Fujitsu Unveils High-End Servers with Itanium, Linux

Fujitsu showcased its additions to the high-end server world today, the PrimeQuest 480 and PrimeQuest 440, built on Itanium 2 chips. The servers will be released in June with Red Hat Linux, but Fujitsu said it will offer a version running Novell/SuSE Linux as well as Microsoft Windows Server 2003 Datacenter and Enterprise editions in September.

While Fujitsu aims to position itself as an alternative to IBM and Hewlett-Packard Unix systems, one analyst said the release may have unintended benefits for HP, which has staked its future on Itanium.

“It makes Itanium a bit more of a multi-vendor processor, which is probably a net-positive for HP,” Gordon Haff, senior analyst, Illuminata, told TechNewsWorld. “HP is very much dependent on Itanium for high-end systems business. It’s in their best interest to have Itanium seen as industry standard as opposed to the chip that Intel does for HP.”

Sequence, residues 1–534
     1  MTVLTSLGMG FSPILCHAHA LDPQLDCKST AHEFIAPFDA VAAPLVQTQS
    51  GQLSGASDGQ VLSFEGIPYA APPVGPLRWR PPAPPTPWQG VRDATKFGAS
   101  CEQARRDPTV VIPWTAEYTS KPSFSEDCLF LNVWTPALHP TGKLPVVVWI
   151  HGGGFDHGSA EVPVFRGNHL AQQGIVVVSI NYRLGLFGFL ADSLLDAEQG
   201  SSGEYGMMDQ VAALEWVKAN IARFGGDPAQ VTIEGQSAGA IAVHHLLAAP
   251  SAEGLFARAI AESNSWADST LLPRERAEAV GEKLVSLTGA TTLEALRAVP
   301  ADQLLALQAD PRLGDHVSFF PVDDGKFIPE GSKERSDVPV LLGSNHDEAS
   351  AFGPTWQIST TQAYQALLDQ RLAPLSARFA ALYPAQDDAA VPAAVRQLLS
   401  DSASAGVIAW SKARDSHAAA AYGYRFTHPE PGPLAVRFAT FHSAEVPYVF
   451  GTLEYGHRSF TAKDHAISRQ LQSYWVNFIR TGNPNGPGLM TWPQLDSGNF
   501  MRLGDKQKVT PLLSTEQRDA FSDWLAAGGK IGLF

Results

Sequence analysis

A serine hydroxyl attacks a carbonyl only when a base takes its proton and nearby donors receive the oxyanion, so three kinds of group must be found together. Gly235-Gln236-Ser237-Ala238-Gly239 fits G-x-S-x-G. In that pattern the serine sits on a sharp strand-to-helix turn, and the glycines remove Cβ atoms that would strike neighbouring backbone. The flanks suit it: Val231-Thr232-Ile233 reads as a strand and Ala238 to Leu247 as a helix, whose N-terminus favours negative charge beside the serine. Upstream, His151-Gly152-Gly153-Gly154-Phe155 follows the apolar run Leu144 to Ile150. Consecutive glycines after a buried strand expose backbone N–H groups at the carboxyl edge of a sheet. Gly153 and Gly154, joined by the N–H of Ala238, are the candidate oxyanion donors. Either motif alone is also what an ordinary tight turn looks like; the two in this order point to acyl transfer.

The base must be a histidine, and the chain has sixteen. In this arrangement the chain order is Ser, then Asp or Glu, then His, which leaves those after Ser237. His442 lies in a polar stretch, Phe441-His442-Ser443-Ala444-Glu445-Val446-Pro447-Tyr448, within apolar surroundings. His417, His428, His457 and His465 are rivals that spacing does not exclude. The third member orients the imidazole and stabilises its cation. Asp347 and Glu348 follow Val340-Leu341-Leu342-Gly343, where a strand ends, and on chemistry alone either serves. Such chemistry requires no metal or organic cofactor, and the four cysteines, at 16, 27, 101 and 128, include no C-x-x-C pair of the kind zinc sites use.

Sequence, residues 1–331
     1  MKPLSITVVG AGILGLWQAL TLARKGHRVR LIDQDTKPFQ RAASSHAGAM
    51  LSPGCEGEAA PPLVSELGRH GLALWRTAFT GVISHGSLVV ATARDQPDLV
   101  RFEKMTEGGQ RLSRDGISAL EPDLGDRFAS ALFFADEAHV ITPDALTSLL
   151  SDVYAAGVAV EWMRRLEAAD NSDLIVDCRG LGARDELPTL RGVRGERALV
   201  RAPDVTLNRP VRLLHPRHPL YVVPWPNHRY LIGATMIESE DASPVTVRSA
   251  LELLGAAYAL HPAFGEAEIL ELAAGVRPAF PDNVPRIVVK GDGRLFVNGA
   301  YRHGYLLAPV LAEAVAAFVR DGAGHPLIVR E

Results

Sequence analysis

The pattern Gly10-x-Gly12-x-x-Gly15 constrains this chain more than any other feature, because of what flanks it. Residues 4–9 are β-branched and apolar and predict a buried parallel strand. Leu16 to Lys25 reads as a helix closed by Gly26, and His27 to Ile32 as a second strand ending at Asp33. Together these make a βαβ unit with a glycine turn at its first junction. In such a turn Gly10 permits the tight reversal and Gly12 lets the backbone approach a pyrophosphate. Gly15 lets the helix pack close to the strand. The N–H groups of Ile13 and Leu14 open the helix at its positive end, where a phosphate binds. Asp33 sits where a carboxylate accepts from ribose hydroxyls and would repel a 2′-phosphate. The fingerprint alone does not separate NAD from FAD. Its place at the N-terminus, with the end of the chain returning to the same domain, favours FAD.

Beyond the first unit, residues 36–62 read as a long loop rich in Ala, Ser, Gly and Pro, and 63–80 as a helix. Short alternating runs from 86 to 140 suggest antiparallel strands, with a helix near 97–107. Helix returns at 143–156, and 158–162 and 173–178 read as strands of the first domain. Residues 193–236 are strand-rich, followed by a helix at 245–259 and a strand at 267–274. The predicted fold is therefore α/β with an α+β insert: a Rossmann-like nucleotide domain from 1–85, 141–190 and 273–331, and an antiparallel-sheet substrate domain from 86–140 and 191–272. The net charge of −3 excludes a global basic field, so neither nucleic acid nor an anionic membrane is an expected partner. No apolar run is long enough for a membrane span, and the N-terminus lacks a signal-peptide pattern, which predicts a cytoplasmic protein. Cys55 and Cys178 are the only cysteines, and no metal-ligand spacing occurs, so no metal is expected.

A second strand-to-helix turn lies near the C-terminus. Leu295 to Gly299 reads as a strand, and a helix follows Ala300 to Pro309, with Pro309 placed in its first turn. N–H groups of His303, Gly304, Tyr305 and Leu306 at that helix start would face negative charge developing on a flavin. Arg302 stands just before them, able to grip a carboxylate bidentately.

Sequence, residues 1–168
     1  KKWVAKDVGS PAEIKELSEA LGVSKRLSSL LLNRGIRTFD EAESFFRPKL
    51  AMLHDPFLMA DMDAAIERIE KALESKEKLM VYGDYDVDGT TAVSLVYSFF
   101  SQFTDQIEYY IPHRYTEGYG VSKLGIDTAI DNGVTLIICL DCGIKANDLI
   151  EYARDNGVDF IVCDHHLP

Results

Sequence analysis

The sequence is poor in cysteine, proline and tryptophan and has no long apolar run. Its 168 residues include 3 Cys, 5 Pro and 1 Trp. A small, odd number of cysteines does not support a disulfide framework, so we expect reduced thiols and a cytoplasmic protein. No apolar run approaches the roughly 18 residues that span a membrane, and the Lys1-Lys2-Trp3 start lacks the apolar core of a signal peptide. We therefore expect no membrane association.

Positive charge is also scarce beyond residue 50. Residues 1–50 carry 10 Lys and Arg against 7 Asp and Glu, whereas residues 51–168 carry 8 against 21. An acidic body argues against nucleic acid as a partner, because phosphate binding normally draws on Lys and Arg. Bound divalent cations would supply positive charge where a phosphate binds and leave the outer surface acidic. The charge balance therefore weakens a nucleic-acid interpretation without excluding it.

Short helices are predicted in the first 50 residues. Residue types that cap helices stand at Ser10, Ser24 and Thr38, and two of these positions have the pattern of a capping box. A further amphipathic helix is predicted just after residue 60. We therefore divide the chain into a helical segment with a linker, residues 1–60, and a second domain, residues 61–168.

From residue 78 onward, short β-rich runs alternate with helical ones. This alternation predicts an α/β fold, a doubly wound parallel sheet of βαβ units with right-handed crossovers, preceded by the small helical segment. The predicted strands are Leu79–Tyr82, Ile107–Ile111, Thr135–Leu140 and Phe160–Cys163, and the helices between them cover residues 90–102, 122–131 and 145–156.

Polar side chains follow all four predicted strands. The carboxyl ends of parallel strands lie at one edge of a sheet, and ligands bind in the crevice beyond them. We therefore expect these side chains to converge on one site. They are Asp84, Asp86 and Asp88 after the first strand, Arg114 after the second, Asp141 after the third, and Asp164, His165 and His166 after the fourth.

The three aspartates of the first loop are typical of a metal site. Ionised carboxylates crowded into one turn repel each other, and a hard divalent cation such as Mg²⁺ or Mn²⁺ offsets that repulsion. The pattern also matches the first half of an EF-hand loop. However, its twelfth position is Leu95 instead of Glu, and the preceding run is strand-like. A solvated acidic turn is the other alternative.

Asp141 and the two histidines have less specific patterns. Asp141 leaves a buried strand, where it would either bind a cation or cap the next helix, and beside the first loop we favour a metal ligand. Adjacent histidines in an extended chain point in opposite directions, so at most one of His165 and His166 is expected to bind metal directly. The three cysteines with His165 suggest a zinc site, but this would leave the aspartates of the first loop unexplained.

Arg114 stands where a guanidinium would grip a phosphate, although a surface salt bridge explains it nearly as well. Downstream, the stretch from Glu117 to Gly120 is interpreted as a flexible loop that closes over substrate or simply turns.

Highly Reliable

The PrimeQuest 440 can accommodate up to 16 processors; the 480, up to 32.

“Fujitsu has proven they can build high-end systems with their SPARC line [designed in an alliance with Sun],” Haff said. “It has some fairly innovative reliability features, and given Fujitsu’s track record, we can take them at their word [that the features perform].”

Those features include what Fujitsu calls System Mirror, which allows the creation of a mirror processor and memory within a difference processor and memory. Doubling up means that if one fails, the system continues to run. Flexible I/O gives administrators the tools to redirect input-output resources.

Lacking Virtualization

Haff noted that the system does not offer the partitioning and virtualization options of HP’s high-end Superdomes, which he called the PrimeQuest’s main North American competition.

Perhaps the real question, however, is how big of a market there is for mission-critical Linux and Windows systems.

“What they’re betting on is that although it may be a smaller slice of the pie, there will be enough high-margin Unix out there for them to enjoy some success,” Haff said. “We’ve seen some growth of Windows or Linux into some larger environments. Fujitsu doesn’t need to sell a large number to achieve what they would consider success.”

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